There can be no doubt that the March 7 assembly was a meeting. AW Robinson called the special assembly of the Health Services staff and spoke forty-five to fifty minutes about the changes that were being made involving personnel assigned to the unit. During the assembly, employees asked questions and made comments. I further find that the meeting was formal and attended by representatives of the agency and more than one member of the bargaining unit. In addition to being conducted by the second ranking member of management at FCI Elkton, AW Robinson was accompanied by the newly appointed acting managers for the unit. The meeting was planned in advance and minutes were recorded at the order of AW Robinson. All bargaining unit employees scheduled for work at the time of the meeting were in attendance. Given the totality of the facts and circumstances, I conclude that this was a formal meeting. U.S. Dept. of Labor, Office of Asst. Secretary for Admin. and Management, Chicago, IL., 32 FLRA 465, 470 (1988).

Having concluded that this was a formal meeting attended by representatives of the Respondent and bargaining unit employees, the determination of violation turns upon the subjects discussed during the meeting.

The Respondent argues that this meeting ". . . merely involved the dissemination of information pertaining to the four temporarily-reassigned individuals, the identification of new departmental supervisors, and A.W. Robinson's assurance that, in the wake of the reassignments, no working conditions had been changed for the remaining employees." And, that "Accordingly, no "'personnel policy or practice'" was discussed at the meeting." Were the recitations offered in Respondent's brief correct, this would be a much closer case. Unfortunately however, they are not, and I find that the discussion concerned personnel policies and practices and other general conditions of employment.

Part of the meeting involved AW Robinson explaining the results of a "focus review" and the personnel changes resulting from it, which included the reassignment of two members of management and two employees in the bargaining unit. Had the meeting ended there, the argument that it involved discrete personnel actions involving individual employees would be well placed. U.S. Dept. of Justice, Immigration and Naturalization Service, New York Office of Asylum, Rosedale, NY., 55 FLRA 1032, 1035 (1999). However, it did not end there, and based upon his testimony, AW Robinson never intended for it to end there. The reasons for the meeting cited by AW Robinson included: letting the employees know who their new supervisors were and giving them an order not to assist their old supervisors, advising them of the impact the changes would have upon leave and answering any questions the employees might have. (Tr. 85-91)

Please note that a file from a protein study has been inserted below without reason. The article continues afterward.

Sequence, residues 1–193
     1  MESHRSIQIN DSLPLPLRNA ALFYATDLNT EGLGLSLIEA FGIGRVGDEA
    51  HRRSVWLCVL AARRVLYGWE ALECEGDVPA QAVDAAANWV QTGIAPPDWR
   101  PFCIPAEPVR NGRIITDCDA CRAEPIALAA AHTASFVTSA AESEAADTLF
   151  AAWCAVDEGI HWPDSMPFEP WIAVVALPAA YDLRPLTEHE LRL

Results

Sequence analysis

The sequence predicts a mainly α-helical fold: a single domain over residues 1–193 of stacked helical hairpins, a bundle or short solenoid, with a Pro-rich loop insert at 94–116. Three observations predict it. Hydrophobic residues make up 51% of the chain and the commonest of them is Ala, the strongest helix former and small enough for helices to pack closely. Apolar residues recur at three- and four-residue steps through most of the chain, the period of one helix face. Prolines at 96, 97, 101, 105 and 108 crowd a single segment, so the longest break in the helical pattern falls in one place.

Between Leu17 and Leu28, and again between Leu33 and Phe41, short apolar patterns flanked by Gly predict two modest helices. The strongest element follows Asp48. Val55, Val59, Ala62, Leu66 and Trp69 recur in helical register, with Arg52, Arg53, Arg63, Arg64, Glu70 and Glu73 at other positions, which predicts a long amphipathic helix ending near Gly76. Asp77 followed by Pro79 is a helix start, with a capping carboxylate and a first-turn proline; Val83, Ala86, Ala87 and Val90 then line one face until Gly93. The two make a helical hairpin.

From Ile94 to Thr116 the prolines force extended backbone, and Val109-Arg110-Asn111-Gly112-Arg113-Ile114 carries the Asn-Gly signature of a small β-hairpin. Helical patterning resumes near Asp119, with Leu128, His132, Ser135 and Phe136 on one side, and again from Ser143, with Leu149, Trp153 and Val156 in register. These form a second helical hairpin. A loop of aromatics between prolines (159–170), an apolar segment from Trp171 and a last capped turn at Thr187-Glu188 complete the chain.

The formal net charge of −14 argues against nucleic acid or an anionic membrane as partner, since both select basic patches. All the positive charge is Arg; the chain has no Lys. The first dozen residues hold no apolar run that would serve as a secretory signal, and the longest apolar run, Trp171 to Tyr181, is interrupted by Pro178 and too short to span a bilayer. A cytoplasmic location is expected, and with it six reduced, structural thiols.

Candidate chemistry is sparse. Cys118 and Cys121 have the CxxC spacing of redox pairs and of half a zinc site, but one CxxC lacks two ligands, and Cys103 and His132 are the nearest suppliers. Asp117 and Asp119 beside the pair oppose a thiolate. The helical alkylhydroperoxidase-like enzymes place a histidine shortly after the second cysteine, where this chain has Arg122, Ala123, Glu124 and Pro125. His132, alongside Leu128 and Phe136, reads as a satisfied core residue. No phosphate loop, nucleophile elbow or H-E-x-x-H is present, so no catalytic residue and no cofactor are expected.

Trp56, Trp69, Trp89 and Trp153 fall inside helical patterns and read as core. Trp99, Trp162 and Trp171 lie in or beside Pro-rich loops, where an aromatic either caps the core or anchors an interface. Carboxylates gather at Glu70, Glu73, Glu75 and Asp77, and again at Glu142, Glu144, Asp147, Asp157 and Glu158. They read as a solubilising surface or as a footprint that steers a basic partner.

Based upon the minutes of the meeting and the testimony at the hearing, the topics discussed during the meeting were varied and included, workload distribution, how the remaining employees would deal with losing the only certified x-ray technician assigned to the unit, the impact on approved leave and who would approve future leave, and the use of unit personnel to augment custody post positions. (Jt. Ex. 1) Suffice it to say, each of these involves a personnel policy or practice or general condition of employment and the Respondent's contentions that it conducted nothing more than an informational meeting and changed no working conditions are simply wrong. While tapping your heels together three times may get you to Kansas from Oz, announcing that you are conducting an informational meeting and thrice asserting that you are not changing working conditions does not make a meeting of bargaining unit employees one at which the Union does not have a statutory right to be represented. (Tr. 88) Further, the fallacy in such a notion is particularly acute when you in fact, do change conditions of employment at the meeting.

Respondent's Counsel and AW Robinson appear to be under the impression that the notice and opportunity to represent requirement of § 7114(a)(2)(A) of the Statute is triggered only if the discussion of a general condition of employment involves a change thereto. However, the requirement to give an exclusive representative of an appropriate unit the opportunity to be represented at a meeting of bargaining unit employees extends to all formal discussions by agency representatives concerning personnel policy or practices or general conditions of employment. (Emphasis added). The key is that the discussion concerns such matters, not that they are being changed. For example, a meeting called to discuss the enforcement of a dress code concerned a condition of employment even though no changes to the dress code were being made. U.S. Customs Service, Region VIII, San Francisco, CA., 18 FLRA 195, 197-98 (1985).

It appears that Respondent's Counsel as well as AW Robinson, a former human resources manager well experienced on "union issues" (Tr. 81) confuse the opportunity to be represented provided by § 7114 of the Statute, with the right to bargain provided by § 7106(b). During cross-examination, AW Robinson admitted that a change in general conditions of employment was not required for a meeting to be formal. (Tr. 94) However, given the range of topics he planned to discuss at the meeting, if he understood at the time of the meeting that a discussion concerning personnel policies or practices or general conditions of employment was enough to constitute a formal discussion, his failure to notify the Union and his subsequent expulsion of a Union steward who attempted to gain access to the meeting would be a blatant and willful violation of the Statute.100618887 Aside from discussing workload, anticipated changes in duty assignments and the work process, one admitted purpose of the meeting was to announce that previously approved leave would not be cancelled, to make clear who now had the authority to approval leave and to whom such requests should be submitted. Such matters clearly involve personnel policies or practices or general conditions of employment.